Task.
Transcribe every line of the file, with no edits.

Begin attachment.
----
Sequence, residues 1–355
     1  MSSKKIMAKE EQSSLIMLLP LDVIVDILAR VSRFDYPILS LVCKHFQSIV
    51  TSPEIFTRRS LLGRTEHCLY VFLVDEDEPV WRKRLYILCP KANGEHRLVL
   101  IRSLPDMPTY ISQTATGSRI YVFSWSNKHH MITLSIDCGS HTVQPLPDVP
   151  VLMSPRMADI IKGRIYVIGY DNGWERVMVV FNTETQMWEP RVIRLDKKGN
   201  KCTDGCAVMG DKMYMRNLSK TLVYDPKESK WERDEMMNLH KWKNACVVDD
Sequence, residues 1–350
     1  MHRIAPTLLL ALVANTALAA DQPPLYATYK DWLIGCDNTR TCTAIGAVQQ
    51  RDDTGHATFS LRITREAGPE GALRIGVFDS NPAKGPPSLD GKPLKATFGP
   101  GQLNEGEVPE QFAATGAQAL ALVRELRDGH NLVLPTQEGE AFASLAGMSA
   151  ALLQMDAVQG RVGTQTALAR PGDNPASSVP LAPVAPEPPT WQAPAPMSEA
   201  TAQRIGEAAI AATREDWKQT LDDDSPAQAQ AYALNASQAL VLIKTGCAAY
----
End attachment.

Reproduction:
Sequence, residues 1–355
     1  MSSKKIMAKE EQSSLIMLLP LDVIVDILAR VSRFDYPILS LVCKHFQSIV
    51  TSPEIFTRRS LLGRTEHCLY VFLVDEDEPV WRKRLYILCP KANGEHRLVL
   101  IRSLPDMPTY ISQTATGSRI YVFSWSNKHH MITLSIDCGS HTVQPLPDVP
   151  VLMSPRMADI IKGRIYVIGY DNGWERVMVV FNTETQMWEP RVIRLDKKGN
   201  KCTDGCAVMG DKMYMRNLSK TLVYDPKESK WERDEMMNLH KWKNACVVDD
Sequence, residues 1–350
     1  MHRIAPTLLL ALVANTALAA DQPPLYATYK DWLIGCDNTR TCTAIGAVQQ
    51  RDDTGHATFS LRITREAGPE GALRIGVFDS NPAKGPPSLD GKPLKATFGP
   101  GQLNEGEVPE QFAATGAQAL ALVRELRDGH NLVLPTQEGE AFASLAGMSA
   151  ALLQMDAVQG RVGTQTALAR PGDNPASSVP LAPVAPEPPT WQAPAPMSEA
   201  TAQRIGEAAI AATREDWKQT LDDDSPAQAQ AYALNASQAL VLIKTGCAAY